01. Concetta on her front patio as seen from inside.

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Done Doing Time

Hinda Schuman | Pennsylvania, United States

“On any given day, (2022) over 200,000 women are incarcerated in a US prison or jail. This represents a 700 percent increase since 1980.“

What happens when the women are released? From 2018-2022 I photographed two formally incarcerated women in Philadelphia PA. I first met Concetta and Linda in 2009 and 2010. They had spent the intervening years in and out of prisons but in 2018 they had both returned to the neighborhoods and families they knew. They had been away for years. But now they were felons. What was life like for them now?

The criminal justice system incarcerates them and with little support returns them to the same streets and issues that plagued them previously. They are left on their own to find housing and financial support. How do they walk past the available temptations? I visited and photographed both women in their homes, on the job, and on the streets. Done Doing Time is my photographic tribute to their courage, love, and frailties.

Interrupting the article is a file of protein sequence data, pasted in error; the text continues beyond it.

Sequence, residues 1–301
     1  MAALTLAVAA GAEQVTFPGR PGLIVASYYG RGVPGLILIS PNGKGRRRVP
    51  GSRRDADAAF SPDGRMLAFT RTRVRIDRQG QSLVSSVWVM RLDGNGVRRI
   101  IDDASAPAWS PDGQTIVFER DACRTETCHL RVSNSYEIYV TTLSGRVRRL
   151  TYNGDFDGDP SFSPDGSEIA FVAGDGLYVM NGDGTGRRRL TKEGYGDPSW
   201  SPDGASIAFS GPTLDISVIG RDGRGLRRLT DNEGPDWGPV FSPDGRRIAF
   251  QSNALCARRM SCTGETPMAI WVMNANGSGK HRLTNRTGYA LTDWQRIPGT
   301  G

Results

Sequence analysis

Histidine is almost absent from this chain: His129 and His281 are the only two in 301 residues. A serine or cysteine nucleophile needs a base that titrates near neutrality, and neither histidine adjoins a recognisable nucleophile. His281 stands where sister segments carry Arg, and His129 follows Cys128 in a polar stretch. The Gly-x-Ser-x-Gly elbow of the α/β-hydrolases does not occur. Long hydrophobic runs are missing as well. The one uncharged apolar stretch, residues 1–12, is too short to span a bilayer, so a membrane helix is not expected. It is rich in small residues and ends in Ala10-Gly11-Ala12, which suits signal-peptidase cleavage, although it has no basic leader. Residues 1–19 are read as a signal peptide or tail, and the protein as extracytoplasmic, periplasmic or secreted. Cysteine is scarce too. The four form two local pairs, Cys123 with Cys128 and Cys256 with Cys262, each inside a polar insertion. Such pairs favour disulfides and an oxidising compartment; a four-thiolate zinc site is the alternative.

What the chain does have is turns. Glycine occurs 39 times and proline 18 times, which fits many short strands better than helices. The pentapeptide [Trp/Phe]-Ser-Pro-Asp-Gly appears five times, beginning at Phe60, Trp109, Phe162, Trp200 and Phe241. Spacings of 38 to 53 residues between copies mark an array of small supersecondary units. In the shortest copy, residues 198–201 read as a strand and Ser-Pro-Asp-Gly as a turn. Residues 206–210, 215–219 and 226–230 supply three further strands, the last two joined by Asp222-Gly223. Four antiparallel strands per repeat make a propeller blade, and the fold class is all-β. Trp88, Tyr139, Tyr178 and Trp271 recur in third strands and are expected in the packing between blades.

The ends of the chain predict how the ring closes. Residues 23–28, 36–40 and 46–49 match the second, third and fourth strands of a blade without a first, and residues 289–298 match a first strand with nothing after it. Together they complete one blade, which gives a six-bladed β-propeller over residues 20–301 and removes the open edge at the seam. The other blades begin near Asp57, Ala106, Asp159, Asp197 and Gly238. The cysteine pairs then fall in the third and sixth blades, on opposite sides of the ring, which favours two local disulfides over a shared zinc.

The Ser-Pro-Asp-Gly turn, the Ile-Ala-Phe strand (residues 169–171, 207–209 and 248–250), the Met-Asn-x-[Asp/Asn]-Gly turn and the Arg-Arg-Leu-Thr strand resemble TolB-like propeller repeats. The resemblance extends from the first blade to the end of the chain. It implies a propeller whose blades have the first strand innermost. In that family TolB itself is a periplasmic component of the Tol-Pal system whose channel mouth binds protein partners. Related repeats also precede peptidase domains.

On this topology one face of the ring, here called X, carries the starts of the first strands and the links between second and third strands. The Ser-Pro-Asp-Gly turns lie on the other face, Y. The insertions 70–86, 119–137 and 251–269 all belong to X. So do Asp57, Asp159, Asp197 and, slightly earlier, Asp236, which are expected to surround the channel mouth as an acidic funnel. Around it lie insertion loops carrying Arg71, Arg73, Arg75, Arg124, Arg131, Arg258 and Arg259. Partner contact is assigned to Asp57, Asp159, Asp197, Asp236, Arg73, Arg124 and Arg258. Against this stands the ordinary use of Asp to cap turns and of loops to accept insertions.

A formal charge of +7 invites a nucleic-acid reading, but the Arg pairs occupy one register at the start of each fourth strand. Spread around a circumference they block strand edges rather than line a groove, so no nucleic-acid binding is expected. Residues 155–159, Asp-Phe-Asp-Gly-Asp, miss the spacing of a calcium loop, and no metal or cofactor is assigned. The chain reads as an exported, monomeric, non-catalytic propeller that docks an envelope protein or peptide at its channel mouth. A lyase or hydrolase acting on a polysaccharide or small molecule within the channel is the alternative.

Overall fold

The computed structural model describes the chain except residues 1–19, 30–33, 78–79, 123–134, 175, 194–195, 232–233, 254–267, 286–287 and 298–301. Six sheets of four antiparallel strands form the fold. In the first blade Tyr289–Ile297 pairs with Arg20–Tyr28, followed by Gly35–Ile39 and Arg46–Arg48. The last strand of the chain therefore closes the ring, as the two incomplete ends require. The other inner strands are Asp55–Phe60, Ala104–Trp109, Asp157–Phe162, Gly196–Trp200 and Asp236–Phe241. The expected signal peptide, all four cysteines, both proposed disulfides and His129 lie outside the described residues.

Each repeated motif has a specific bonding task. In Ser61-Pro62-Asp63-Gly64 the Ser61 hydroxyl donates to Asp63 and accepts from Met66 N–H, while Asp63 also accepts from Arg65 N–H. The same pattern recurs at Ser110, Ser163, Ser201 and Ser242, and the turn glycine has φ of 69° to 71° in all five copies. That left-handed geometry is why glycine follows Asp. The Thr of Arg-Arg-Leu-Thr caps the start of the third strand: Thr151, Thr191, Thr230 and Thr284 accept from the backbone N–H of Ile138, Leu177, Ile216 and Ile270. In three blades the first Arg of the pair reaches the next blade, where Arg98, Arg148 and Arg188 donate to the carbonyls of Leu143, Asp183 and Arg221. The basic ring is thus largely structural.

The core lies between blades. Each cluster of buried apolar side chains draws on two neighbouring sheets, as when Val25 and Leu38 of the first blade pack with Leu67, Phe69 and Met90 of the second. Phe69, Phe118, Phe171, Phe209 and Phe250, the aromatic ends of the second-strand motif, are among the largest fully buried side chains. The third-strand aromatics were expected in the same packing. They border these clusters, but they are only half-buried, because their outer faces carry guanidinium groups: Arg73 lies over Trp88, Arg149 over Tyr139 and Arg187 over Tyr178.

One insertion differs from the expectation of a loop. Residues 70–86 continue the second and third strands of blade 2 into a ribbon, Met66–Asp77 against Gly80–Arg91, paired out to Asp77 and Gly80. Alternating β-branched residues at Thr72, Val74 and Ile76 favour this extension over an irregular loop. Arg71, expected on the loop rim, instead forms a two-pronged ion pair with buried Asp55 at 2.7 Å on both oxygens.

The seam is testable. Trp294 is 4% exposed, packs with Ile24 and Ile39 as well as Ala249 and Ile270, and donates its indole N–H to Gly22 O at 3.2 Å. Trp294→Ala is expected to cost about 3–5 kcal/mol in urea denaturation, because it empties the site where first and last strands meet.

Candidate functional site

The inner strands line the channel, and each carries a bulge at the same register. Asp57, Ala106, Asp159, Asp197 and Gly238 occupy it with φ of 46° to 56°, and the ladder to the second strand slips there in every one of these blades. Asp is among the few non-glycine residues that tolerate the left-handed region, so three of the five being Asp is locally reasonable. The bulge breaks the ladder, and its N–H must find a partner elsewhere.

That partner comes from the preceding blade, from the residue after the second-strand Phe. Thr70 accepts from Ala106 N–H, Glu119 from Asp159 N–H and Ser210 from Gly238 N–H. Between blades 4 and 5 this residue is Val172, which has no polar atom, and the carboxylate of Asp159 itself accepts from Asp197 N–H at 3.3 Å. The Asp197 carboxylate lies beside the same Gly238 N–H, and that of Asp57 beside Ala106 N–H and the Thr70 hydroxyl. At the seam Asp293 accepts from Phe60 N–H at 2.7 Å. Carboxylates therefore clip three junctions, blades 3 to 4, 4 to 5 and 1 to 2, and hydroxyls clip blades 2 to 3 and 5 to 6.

* Amy Fettig, The Sentencing Project, from the Afterword to Done Doing Time published: Daylight Books New York 2023.

Afterword by: Amy Fettig, The Sentencing Project,  

Introduction by : Magdalena Solé

Concetta Harris and Linda Todd featured in the exhibit/book



In the United States we send women to prison in vast numbers. Those who have been neglected and abused; those who have untreated mental illnesses; those who self-medicate to get the voices to stop. After sentences of 1 year, 5 years or more, later the doors to the prisons open and they are free. Except now, the government watches over them via parole.

In 2018, Linda had been out of prison for two months and Concetta had been out for a year. I reconnected with them after having lost touch while they were back in prison. I had initially met them 2009 & 2010 when they were serving the final year of multi-year sentences at a halfway house. They were both living in Philadelphia PA where I also live. I wanted to know what life would be like for them now after so many years in prison. Each one stated that they wereDone Doing Time.Each one wanted to get life right this time – staying off drugs, re-uniting with family, having a home that was safe, clean, and permanent.

Their courage to walk past the dealers, to re-unite with family and their strength to keep trying when the obstacles seem stacked against them has me in awe at their determination and abilities. As Concetta and Linda work towards their individual goals, they have welcomed me into their homes, shared their lives and their extended families. Linda has worked 6 or 7 days a week at food service and home care jobs. Concetta actively helps care for her two grandchildren. Both women have faced real tragedy and upheaval, but they remain true to their own hearts.




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